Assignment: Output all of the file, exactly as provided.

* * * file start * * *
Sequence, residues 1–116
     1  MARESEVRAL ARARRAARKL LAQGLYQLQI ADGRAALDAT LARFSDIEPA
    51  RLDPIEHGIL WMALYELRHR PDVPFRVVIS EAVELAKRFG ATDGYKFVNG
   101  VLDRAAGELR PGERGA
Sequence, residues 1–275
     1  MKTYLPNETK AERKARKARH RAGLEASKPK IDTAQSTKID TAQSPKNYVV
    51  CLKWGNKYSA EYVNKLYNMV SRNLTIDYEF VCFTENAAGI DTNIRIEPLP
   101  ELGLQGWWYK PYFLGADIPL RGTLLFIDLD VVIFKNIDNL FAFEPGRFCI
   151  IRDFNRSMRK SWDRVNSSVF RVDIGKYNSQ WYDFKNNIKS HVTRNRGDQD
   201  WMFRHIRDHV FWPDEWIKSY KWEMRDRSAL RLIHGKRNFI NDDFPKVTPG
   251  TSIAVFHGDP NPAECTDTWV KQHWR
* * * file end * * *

Sequence, residues 1–116
     1  MARESEVRAL ARARRAARKL LAQGLYQLQI ADGRAALDAT LARFSDIEPA
    51  RLDPIEHGIL WMALYELRHR PDVPFRVVIS EAVELAKRFG ATDGYKFVNG
   101  VLDRAAGELR PGERGA
Sequence, residues 1–275
     1  MKTYLPNETK AERKARKARH RAGLEASKPK IDTAQSTKID TAQSPKNYVV
    51  CLKWGNKYSA EYVNKLYNMV SRNLTIDYEF VCFTENAAGI DTNIRIEPLP
   101  ELGLQGWWYK PYFLGADIPL RGTLLFIDLD VVIFKNIDNL FAFEPGRFCI
   151  IRDFNRSMRK SWDRVNSSVF RVDIGKYNSQ WYDFKNNIKS HVTRNRGDQD
   201  WMFRHIRDHV FWPDEWIKSY KWEMRDRSAL RLIHGKRNFI NDDFPKVTPG
   251  TSIAVFHGDP NPAECTDTWV KQHWR